In walking around Lisa’s garden and listening as she presented each plant, I marveled at the stories she shared and the community that was created, starting with these seeds. I wondered if she would have ever been able to meet as many people as she has in her gardening journey without seed saving.
With the boom of gardening during the pandemic, I think many of us have received a great opportunity to participate in the continued heritage of seed sharing. Whether it’s growing plants to nourish our families and share with others or the joy of growing and enjoying something that causes us to wax slightly nostalgic, I look forward to one day also experiencing and sharing the gift that caring for the land, our food and ourselves truly is.
About Jennifer Charles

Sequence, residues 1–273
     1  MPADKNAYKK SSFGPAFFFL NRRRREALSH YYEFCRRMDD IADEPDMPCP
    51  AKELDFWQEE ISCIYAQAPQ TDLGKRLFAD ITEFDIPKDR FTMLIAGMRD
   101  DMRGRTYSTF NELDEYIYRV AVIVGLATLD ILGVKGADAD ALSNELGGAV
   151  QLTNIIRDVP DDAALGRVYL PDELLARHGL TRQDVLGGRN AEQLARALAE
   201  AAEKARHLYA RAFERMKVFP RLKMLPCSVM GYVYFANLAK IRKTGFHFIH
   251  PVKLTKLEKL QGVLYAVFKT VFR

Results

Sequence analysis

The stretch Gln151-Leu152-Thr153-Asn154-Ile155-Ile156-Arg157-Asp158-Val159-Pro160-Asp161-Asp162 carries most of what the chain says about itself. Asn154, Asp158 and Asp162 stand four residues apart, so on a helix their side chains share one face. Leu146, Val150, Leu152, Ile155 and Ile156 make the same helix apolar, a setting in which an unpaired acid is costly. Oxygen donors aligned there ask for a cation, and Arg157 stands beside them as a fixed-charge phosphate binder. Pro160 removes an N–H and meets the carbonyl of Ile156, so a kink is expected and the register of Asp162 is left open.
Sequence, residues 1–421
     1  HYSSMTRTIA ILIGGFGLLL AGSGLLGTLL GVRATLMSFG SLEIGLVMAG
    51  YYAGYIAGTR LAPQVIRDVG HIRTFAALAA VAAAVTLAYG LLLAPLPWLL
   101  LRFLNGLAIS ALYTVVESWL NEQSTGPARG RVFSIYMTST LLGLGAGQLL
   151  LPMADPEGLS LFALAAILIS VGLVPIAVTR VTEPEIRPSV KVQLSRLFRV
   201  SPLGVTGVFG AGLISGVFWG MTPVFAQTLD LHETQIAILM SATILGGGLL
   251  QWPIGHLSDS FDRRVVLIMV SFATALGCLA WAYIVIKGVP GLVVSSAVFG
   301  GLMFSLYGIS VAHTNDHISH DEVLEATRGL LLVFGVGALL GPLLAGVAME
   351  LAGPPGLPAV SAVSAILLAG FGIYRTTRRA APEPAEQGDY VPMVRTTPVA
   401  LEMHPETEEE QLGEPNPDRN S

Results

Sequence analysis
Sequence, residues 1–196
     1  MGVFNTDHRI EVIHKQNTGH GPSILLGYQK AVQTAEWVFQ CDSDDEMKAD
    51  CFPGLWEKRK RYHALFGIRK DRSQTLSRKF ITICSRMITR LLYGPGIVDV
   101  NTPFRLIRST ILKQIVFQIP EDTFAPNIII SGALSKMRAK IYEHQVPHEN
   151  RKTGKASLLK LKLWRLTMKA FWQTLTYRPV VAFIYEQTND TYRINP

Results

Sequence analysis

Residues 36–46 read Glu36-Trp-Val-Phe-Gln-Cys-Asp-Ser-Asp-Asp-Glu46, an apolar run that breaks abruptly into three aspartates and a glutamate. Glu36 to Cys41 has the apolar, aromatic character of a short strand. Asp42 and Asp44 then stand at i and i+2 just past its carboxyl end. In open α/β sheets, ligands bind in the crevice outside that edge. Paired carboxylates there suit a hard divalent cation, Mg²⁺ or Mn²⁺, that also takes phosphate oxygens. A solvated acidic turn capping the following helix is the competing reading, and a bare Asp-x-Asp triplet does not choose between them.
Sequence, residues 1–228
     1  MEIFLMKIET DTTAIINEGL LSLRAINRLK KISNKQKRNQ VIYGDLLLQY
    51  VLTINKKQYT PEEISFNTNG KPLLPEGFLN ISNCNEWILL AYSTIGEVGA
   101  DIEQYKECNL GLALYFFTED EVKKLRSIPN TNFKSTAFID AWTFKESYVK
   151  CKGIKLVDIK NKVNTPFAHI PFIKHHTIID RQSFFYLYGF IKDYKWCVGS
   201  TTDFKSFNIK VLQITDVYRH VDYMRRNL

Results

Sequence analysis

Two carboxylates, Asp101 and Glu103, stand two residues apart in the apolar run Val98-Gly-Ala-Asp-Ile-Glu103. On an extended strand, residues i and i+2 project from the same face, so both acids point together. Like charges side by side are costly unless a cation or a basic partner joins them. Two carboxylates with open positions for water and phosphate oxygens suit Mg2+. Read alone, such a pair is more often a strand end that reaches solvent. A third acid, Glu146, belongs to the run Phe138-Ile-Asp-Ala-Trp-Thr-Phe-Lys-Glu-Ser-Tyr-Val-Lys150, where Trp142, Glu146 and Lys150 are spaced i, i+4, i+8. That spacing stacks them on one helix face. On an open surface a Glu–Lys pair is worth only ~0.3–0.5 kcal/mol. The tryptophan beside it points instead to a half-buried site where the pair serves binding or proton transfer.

Jennifer’s earliest and fondest memories of gardening were with her father in the backyard of their New Jersey home. Though she is admittedly too scared of bugs to become a full-fledged gardener in adulthood, Jennifer has enjoyed food and feeding people since childhood. This affection led her to pursue a career in the hospitality industry including positions in foodservice, catering and event planning. After volunteering with Northern Illinois Food Bank processing donations, she learned about food insecurity and wanted to help on a deeper level that aligned with her interest in nutrition. In 2018, Jennifer had the honor of working with The Gardenworks Project on its fall fundraiser and fell in love with its concept and mission. She looks forward to learning more about gardening and helping to eliminate food insecurity in her adopted home. Jennifer holds a Bachelor of Science in Foodservice Management from Johnson & Wales University and an MBA from Roosevelt University. In her spare time, Jennifer enjoys cooking, exercising, and reading.